Motoracing: Who's who for the new era?

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The Independent Online
JOHNNY HERBERT turned 35 a few days ago. Eddie Irvine is 33, David Coulthard 28. Just as surely as it does for each fast lap, the clock is ticking on the careers of the three British drivers who still see a future for themselves at racing's highest level. But as Damon Hill prepares to bow out, where will the next generation of British racers spring from?

In the US ChampCar series, the 23-year-old Scot Dario Franchitti is challenging for the title, but despite interest from Stewart and BAR last year he has clear views on his future. "My focus right now is winning ChampCars, though of course I want to do F1. But it's so difficult you can only do it with the right team, at the right time."

Justin Wilson, Oliver Gavin, Jamie Davies and Kevin McGarrity are all competing in F3000, the rung on the ladder below F1. Wilson, 20, is the first graduate of the former F1 racer Jonathan Palmer's innovative Formula Palmer Audi championship, and has already impressed after winning the prize drive by clinching the FPA title last year.

Gavin, 26, is a former British F3 champion who has experience of leading GPs as safety car driver. His career was temporarily grounded just as he was about to graduate to F1 in 1994 with the ill-fated Pacific team, but now he is back with European Edenbridge Racing.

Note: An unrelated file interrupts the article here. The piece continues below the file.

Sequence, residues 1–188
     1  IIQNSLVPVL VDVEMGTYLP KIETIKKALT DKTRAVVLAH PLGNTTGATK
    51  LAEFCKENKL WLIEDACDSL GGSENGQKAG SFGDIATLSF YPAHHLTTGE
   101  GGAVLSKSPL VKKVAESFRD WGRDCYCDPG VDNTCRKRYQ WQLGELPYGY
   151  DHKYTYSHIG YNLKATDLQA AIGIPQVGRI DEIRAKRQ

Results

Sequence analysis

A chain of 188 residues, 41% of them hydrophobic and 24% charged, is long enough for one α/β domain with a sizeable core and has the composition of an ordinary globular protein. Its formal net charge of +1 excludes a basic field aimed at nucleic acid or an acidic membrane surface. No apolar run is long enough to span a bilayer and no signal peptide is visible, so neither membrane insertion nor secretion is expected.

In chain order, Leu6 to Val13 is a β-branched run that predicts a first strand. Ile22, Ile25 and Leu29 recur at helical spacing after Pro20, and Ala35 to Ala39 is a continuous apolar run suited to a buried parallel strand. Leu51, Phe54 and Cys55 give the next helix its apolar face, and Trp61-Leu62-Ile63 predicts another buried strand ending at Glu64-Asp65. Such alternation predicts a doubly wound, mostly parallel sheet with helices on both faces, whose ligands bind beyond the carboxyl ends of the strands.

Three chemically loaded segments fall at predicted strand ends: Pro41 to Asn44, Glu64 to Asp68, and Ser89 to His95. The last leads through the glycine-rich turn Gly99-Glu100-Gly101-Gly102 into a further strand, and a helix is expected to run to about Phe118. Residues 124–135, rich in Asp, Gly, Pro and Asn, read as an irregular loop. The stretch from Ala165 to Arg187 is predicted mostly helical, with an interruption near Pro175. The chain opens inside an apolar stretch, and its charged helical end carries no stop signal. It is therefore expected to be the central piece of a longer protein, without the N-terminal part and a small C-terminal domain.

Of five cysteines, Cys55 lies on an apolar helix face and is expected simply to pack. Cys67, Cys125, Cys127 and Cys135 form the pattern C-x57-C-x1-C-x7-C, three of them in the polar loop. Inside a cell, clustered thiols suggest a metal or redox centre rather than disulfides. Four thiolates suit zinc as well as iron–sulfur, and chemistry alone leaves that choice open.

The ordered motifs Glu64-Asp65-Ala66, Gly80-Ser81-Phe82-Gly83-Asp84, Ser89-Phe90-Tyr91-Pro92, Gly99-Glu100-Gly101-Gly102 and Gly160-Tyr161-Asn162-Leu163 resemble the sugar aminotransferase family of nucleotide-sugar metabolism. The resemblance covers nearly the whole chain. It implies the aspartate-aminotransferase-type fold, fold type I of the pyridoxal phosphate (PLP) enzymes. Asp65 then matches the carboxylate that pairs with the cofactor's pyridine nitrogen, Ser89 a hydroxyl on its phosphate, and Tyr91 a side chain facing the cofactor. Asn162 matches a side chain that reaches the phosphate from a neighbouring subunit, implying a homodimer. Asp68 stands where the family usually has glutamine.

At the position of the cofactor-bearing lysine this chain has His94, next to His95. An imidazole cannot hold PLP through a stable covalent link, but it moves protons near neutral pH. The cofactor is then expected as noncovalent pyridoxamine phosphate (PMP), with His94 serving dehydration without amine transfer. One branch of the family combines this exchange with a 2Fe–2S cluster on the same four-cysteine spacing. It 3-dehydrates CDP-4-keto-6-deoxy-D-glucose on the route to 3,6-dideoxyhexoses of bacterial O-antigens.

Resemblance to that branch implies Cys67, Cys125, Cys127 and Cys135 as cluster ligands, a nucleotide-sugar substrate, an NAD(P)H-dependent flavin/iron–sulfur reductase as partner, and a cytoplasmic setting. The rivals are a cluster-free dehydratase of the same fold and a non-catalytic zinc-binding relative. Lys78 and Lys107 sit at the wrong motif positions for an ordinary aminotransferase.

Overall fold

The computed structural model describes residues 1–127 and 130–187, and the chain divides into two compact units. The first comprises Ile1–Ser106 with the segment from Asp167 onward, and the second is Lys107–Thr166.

Davies, 25, is a past McLaren Autosport BRDC Young Driver, and partners Gavin at EER. He's an accomplished F3000 racer whose past form includes devastating speed in a McLaren F1 test at Jerez a couple of years back. New to car and formula, he aced David Coulthard's times at the Spanish venue. McGarrity, 25, led at Imola in May before finishing second, and signed a three-year deal with German sponsor Telepassport.

The British F3 Championship traditionally breeds F1 racers. In his second season, the 21-year-old former Vauxhall Opel Junior champion Marc Hynes heads the title chase for Manor Motorsport after winning the opening two rounds. Matt Davies, 22, is a former kart star who went the French F3 route in 1998.

Jenson Button, still only 19, is an F3 winner in his debut season after parlaying a brilliant karting career into the British Formula Ford championship last year. The winner of the McLaren Autosport BRDC Young Driver Award, he perhaps has the greatest potential of them all. "If he carries on his progress," the McLaren chief Ron Dennis says, "he could be in F1 within four years."

Then there's Westley Barber, 18, who last year demolished his opposition in the Elf Fastrack championship in France, and is continuing that form in the junior category of the French F3 Championship. Barber, like Button, has an impressive pedigree in karting, but without the fanfare that has been a part of the Somerset driver's graduation.

Nothing typifies better the difficulty facing British drivers' search for backing than the plight of the Geordie F3 star Warren Hughes, who used to have Jacques Villeneuve for breakfast but now races only MGF sportscars.

Hill himself offers this advice: "Always drive to your limit, and never turn down opportunities. Getting to F1 is all about commitment. When I got my race drive with Frank Williams, I got it because I never stopped telling him that I was the man he needed."

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